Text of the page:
by German Lopez
97 days ago
War on drugs fails goals, housing complex raises concerns, courts deny parking challenges
With the war on drugs widely considered a failure after more than four decades, experts are suggesting legalization and decriminalization as viable alternatives.
One concern: Despite recent attempts at sentencing reform, Ohio’s
prison population is set to grow further and breach a capacity barrier
previously set by the U.S. Supreme Court in a ruling against California.
With costs rising and drug use rates seemingly unaffected by harsher
enforcement, groups of academics, former law enforcement officials and civil
libertarians say it’s time to look at states and countries that have
abandoned criminalization and harsh enforcement with great success. To read the full story, click here.
A planned supportive housing facility in Avondale is raising concerns for residents
who claim the complex could hurt a neighborhood already plagued by
poverty, crime, obesity, unemployment and homelessness. Particularly
worrying for Avondale 29, the group opposing the plans, is that the
facility is near a daycare and elementary school, which the group says
could have a negative impact on neighborhood children. Supporters of the
facility say the opposition is based on widespread misinformation. They
point to a similar similar supportive housing facility in Columbus,
which, according to the Columbus Police Department’s Gary Scott, had
a positive impact on the community surrounding it.
Opponents of Cincinnati’s parking lease were dealt two major blows in court yesterday: The Ohio Supreme Court declined to hear their first legal challenge and effectively upheld the city’s referendum-immune emergency powers, and the Hamilton County Common Pleas Court refused to place a temporary restraining order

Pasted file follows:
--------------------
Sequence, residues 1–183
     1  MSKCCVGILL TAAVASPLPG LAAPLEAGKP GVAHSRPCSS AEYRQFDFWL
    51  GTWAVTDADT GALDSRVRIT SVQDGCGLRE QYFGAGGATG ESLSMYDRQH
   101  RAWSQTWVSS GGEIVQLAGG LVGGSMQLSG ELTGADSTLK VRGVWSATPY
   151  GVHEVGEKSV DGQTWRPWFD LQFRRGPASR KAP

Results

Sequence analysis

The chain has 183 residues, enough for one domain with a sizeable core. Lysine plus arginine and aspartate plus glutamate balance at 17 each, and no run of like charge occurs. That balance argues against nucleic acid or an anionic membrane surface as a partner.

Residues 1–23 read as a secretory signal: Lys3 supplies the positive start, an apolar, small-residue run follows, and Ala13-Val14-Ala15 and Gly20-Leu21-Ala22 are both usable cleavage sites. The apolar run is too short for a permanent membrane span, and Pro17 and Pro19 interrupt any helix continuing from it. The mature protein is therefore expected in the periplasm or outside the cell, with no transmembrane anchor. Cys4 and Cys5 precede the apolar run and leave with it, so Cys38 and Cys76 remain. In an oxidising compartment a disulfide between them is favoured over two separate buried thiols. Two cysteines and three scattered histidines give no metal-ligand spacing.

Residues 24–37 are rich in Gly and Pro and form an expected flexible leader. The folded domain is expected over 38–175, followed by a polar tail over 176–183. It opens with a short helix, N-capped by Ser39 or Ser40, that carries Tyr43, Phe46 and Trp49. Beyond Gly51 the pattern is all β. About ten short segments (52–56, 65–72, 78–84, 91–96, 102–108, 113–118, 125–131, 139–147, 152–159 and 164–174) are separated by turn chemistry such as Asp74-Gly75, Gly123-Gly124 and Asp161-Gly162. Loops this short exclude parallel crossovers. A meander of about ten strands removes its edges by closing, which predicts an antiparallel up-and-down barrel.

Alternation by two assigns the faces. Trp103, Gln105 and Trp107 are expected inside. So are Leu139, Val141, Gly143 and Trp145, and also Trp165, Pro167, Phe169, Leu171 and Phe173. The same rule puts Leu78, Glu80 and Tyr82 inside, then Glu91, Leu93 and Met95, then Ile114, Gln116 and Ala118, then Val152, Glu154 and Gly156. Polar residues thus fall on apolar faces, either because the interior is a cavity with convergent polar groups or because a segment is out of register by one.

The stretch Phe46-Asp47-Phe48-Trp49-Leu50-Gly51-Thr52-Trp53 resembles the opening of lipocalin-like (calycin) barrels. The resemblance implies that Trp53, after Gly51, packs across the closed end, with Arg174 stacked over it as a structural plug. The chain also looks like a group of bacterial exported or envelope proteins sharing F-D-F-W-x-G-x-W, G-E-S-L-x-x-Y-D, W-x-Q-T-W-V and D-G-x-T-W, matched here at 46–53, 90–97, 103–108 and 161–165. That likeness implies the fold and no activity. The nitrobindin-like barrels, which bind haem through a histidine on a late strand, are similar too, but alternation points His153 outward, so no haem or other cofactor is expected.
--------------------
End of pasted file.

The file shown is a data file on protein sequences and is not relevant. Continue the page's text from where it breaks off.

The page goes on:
on the lease despite claims that the city manager made “significant and
material” changes to the deal without City Council approval. Both the
challenges come from the conservative Coalition Opposed to Additional
Spending and Taxes (COAST), which claims parking rates and enforcement
hours will rise because the city is ceding too much power over its
services by leasing its parking meters, lots and garages to the Greater
Cincinnati Port Authority. Supporters of the parking lease argue the
plan is necessary to leverage the city’s parking assets to finance
development projects that will grow the city’s tax base.
Commentary: “Secrecy Plagues Potentially Good Programs.”
The city is fighting to have a document removed
from its legal battle over the streetcar with Duke Energy. City officials says the document is “nothing scandalous” and the city just
made a mistake by accidentally disclosing it, but a Duke attorney says
the document is a source of “embarrassment” for the city and important
to the case. As part of an agreement, Cincinnati and Duke are arguing in
court to settle who has to pay an estimated $15 million to move utility
lines to accommodate for the streetcar route.
Advocates of the federally funded Medicaid expansion yesterday filed petitions to the state attorney general’s office
to get the issue on the 2014 ballot. As part of Obamacare, states are
asked to expand their Medicaid programs to include anyone up to 138
percent of the federal poverty level. If they accept, the federal
government would pay for 100 percent of the expansion’s cost for three
years then indefinitely phase down to 90 percent. The Health Policy
Institute of Ohio found the expansion would save Ohio $1.8 billion and insure half a million Ohioans. Gov. John Kasich, a Republican, and state Democrats support the expansion, but Republican legislators are resisting it.
More than two-thirds of Ohioans support laws that protect gays and lesbians against job discrimination, but more than four in five mistakenly think such laws are already in place at the state and federal levels, according to the 2013 Ohio Values Survey from the Public Religion Research Institute.
The survey also found a slim majority of Ohioans oppose amending the
state constitution to allow same-sex marriage, which somewhat